Speaker Drama Raises New Fears on Debt Limit
After 15 votes, the House of Representatives has finally settled on Republican Kevin McCarthy as the Speaker of the House - the first time since 1923 that the House needed to conduct more than one vote to determine its Speaker.
However, this decision came with concessions that many say will jeopardize the next two years of Congress. Much of McCarthy's vocal opposition came from strongly conservative Republicans. In order to finally gain sufficient votes to win the speakership, McCarthy made deals to the far right such as making it much easier for lawmakers to oust a House speaker and slow down the passing of bills. Because of this, McCarthy is facing much backlash from especially moderates.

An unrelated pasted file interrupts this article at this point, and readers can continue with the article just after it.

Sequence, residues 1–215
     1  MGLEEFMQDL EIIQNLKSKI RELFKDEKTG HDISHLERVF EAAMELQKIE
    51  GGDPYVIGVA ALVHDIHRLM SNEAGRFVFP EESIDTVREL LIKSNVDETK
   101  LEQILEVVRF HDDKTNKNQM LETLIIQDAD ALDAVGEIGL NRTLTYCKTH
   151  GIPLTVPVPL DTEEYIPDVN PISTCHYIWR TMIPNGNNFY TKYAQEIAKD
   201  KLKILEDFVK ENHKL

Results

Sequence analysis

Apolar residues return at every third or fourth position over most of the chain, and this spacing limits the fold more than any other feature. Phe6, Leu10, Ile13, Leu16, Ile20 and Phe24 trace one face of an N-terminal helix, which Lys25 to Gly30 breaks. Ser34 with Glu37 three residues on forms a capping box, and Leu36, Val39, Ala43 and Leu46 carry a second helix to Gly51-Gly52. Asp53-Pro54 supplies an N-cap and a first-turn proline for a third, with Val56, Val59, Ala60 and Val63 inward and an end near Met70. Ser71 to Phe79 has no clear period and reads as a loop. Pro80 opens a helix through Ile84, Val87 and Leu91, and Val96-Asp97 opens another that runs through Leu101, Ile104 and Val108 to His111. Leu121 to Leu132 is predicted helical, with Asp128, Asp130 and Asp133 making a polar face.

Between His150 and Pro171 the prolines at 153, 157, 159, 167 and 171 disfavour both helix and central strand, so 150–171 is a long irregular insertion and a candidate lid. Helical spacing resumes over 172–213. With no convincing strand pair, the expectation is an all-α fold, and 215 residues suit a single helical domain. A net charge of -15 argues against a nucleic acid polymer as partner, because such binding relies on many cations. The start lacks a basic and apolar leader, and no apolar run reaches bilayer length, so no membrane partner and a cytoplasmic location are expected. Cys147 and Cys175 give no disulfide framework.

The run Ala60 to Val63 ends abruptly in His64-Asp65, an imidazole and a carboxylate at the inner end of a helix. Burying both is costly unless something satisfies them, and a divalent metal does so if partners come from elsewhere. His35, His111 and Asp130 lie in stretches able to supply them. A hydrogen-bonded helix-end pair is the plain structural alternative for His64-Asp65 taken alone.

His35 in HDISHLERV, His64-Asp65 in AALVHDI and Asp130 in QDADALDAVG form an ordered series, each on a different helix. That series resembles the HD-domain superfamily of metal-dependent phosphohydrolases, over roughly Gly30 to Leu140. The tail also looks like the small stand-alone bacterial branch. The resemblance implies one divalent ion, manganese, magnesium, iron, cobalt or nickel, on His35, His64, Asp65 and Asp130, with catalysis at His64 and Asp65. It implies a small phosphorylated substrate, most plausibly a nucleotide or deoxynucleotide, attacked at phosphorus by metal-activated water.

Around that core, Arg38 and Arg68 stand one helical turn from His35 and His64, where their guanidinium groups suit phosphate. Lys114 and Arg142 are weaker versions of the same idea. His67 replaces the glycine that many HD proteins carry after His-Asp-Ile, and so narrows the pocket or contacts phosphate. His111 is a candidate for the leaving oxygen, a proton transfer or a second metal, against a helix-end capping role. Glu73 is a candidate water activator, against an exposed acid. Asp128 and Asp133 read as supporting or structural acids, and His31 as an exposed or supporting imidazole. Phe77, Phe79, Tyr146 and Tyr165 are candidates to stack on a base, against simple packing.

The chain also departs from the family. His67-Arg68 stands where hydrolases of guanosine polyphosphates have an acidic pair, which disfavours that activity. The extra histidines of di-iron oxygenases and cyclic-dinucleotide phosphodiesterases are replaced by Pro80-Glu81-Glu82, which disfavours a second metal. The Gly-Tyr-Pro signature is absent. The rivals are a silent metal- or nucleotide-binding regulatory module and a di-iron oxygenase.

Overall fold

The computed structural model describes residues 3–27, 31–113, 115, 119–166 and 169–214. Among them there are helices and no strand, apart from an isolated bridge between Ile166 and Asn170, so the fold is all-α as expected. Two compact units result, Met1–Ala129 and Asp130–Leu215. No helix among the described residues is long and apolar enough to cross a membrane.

In addition to this leverage that McCarthy gave, a critical deal that he struck will make it much harder for Congress to raise the debt limit. Raising the debt limit at times is necessary for the US to continue essential processes like keeping the government open and paying salaries for military members, among others. Goldman Sachs researchers even believe that the debt limit will need to be raised in August of 2023 to prevent these situations from happening. However, with McCarthy's deal, it is unclear whether Congress would have the support to fight for a debt limit raise.